The West

The $37 billion National Broadband Network could be stopped, its boss conceded yesterday, while saying the project's main aim was not to maximise its profits.

NBN Co chief executive Mike Quigley said it could adapt to any proposal from the Opposition which supported a fibre-to-the-node model for the broadband behemoth. The project under the Gillard Government is delivering fibre-to-the-home.

Last week, NBN Co revealed the NBN was about six months behind schedule to be fully in place by 2021, while capital spending has been revised up by $1.4 billion.

Mr Quigley said he was happy with how the rollout of the NBN was going.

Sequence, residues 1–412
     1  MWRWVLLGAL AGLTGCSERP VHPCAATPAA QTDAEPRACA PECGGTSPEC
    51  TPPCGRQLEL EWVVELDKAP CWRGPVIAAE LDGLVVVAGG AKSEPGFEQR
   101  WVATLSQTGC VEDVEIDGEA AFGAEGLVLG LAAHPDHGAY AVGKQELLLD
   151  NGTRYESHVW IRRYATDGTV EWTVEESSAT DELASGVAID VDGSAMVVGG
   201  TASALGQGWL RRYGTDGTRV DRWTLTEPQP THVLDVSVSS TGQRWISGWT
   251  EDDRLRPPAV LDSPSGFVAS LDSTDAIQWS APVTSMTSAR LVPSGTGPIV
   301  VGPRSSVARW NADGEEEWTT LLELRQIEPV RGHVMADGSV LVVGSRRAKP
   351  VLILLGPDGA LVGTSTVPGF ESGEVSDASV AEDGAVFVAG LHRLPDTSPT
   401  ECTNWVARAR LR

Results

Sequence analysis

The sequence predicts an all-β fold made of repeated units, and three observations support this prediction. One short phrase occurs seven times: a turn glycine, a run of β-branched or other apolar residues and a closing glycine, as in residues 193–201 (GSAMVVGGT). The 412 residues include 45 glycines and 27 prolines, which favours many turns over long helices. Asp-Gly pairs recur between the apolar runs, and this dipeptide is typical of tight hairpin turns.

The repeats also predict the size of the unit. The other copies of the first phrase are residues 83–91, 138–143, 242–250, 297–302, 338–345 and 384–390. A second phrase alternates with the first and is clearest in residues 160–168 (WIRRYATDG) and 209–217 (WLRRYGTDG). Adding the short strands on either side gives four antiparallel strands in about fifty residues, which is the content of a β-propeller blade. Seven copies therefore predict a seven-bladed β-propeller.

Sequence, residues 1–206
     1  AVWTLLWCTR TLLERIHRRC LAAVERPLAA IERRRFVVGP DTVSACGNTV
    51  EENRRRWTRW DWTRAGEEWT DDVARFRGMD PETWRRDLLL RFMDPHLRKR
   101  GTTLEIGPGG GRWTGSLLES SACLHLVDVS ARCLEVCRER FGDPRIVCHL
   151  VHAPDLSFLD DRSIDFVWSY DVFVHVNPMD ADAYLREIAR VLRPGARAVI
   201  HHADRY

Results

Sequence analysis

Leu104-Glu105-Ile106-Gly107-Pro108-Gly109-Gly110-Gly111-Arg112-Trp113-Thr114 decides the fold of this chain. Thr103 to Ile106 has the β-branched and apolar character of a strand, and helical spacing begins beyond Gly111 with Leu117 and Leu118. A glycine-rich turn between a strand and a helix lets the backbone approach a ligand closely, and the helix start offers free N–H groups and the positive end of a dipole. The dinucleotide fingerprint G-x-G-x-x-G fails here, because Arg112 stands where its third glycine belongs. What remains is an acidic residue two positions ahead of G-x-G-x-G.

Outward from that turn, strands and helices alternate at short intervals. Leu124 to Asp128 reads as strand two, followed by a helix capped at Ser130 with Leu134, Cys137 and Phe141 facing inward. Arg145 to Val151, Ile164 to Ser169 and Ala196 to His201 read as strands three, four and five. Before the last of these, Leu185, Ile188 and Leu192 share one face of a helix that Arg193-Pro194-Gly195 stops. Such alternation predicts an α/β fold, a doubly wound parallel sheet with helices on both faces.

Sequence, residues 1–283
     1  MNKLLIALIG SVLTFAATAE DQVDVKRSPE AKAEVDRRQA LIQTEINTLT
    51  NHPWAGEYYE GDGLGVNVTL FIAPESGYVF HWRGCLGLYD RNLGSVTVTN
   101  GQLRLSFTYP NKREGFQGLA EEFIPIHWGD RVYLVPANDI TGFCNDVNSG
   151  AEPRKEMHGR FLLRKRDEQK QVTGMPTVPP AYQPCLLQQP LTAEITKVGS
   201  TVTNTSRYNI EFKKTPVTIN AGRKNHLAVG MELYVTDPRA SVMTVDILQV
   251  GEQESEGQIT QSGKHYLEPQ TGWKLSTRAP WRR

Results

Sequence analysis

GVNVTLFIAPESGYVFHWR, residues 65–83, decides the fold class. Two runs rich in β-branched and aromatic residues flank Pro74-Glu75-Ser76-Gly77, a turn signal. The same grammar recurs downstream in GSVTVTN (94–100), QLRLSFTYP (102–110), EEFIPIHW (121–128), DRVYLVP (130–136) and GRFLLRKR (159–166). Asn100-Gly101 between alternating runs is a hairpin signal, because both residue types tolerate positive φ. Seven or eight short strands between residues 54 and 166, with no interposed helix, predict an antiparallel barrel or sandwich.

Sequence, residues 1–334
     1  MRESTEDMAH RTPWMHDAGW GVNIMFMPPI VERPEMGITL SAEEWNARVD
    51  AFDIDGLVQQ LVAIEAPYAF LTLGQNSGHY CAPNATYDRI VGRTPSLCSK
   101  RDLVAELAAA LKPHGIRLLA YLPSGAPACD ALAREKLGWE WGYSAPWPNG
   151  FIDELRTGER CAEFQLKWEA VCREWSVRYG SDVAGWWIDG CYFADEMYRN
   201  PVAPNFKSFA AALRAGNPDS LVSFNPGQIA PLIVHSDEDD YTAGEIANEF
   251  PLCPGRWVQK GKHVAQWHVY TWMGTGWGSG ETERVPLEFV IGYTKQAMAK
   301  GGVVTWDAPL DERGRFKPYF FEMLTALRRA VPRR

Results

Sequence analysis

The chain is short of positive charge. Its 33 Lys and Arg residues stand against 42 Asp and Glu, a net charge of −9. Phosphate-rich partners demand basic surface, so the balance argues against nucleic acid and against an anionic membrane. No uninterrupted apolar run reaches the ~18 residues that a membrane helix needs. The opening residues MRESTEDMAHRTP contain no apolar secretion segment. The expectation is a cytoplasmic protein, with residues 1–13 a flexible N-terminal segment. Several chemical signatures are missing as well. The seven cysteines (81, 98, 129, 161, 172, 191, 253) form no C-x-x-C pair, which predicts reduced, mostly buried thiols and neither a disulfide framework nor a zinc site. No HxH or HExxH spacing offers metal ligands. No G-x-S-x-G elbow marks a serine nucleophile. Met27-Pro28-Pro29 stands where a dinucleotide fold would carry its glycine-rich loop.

But with the Opposition a clear leader in the opinion polls, there are doubts over how the massive project will proceed.

Mr Quigley said the company had gone out of its way to ensure nothing was locked in for future governments.

The company's rate of return increased slightly to 7.1 per cent. But Mr Quigley said the NBN's focus was on driving down wholesale broadband costs rather than trying to deliver a major return.

The West Australian

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